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G 13001 CoverFrederick II of Prussia (1712–1786)
2 Sonatas in E minor

for (transverse) flute and basso continuo
Edited by Franz Müller-Busch
Realization of the thorough bass by Eckhart Kuper

Girolamo G 13.001, score and 2 parts, € 24,00
ISMN 979-0-50084-014-5

sample page

G 12.049 G 13.002

 

 

 

 

Preface

If ever there lived someone with a split soul, then it was Frederick II of Prussia (1712–1786), called Frederick the Great.

On the one hand, like his father, he embodied the warlike monarch and army commander who was skilled in strengthening and expanding the power of Prussia. On the other hand he was most knowledgable in many arts and sciences and devoted most aspects of his life to the ideas of rationalism and the Enlightenment.

Frederick had a professional standard as a flautist. As a composer he was rather an obedient pupil of his teacher Johann Joachim Quantz than a revolutionary with new ideas. His works are interspersed with virtuoso passages that adorned his daily concerts with great musicians such as C. Ph. E. Bach, C. H. and J. G. Graun, F. and J. Benda as well as J. F. Agricola with royal brilliance.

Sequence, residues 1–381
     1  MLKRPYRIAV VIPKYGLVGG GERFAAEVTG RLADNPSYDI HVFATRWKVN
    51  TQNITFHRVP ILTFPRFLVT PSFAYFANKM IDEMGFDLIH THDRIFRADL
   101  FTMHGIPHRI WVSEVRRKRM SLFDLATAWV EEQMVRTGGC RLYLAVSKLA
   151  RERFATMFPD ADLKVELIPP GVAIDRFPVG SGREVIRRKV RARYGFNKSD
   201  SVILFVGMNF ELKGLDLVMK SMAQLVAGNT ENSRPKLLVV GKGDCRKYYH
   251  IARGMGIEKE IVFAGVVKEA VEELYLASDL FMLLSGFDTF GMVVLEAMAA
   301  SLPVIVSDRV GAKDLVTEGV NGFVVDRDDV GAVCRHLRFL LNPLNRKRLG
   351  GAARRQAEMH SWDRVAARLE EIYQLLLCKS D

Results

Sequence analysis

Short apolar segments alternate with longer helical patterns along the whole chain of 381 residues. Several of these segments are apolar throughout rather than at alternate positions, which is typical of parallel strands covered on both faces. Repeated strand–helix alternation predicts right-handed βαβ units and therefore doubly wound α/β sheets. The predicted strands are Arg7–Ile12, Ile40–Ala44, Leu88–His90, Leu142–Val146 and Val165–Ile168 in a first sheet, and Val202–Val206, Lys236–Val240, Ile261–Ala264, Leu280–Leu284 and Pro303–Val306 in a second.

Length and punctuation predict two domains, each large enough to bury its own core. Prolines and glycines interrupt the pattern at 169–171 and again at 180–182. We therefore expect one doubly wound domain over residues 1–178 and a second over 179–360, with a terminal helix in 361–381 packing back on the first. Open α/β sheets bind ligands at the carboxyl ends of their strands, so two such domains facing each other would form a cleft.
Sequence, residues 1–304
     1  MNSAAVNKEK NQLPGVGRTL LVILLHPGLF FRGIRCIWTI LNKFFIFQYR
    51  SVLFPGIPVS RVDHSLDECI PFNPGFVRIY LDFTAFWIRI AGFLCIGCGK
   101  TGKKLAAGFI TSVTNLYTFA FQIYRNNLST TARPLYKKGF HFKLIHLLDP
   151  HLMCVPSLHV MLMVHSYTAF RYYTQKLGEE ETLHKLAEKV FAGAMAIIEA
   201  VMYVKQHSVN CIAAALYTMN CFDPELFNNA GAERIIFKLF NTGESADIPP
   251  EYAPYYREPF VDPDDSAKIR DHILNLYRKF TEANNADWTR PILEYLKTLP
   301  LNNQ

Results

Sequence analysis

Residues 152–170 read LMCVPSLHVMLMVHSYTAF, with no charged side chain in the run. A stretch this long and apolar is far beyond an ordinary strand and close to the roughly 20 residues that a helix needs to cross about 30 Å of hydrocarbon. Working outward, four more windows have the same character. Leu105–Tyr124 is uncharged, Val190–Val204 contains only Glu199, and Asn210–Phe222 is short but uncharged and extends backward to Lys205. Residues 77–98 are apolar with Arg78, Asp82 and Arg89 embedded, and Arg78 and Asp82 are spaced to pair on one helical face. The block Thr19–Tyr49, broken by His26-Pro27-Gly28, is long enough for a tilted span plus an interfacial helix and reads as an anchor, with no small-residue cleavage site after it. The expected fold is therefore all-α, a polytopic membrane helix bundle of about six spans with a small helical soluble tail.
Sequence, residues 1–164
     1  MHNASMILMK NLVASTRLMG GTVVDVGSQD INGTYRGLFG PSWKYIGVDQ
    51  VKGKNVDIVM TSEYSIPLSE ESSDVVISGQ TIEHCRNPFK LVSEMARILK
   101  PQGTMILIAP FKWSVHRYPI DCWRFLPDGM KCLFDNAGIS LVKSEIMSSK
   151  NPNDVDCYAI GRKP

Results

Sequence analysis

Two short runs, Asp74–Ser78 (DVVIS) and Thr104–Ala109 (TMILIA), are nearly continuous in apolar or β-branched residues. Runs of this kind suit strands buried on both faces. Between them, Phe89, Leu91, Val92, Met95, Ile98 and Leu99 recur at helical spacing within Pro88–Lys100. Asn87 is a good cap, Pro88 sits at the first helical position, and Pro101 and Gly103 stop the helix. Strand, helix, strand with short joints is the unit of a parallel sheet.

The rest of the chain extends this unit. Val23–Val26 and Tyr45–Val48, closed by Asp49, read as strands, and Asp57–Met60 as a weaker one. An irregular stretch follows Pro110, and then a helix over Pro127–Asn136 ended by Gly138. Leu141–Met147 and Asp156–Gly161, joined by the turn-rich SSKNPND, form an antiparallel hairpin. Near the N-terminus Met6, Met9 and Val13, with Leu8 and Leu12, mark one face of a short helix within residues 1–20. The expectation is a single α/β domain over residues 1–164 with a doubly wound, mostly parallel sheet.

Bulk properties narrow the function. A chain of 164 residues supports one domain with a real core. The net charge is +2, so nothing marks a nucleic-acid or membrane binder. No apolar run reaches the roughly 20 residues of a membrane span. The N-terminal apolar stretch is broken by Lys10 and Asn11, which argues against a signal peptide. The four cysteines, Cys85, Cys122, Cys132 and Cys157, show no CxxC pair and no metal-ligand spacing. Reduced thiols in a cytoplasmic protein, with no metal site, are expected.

The manuscripts of the sonatas presented here are kept in the Royal Library in Copenhagen, Giedde’s Collection, under the shelf marks mu 6210.1531, (I, 12) and mu 6210.1831 (I, 14). Here I should like to thank the direction of the library for their kind consent to publish these works.

The drafts were finished by two different copyists and bear the titles

Flauto Traverso Solo ex E mol / con / Basso Continuo / di: Friederico a Prussia

and

Sonata a Flauto Traverso Solo et Basso Di S. M. Friderico II Re di Prussia etc.

Some doubtful and incorrect passages of the draft needed corrections that are documented in foot notes. All additions by the editor exceeding the careful modernization of the notation are clearly indicated. A suitable accompaniment would be a harpsichord with cello or gamba as also piano but then probably without an additional bass support.

Translation: J. Whybrow

Calw, June 1996, Franz Müller-Busch

 

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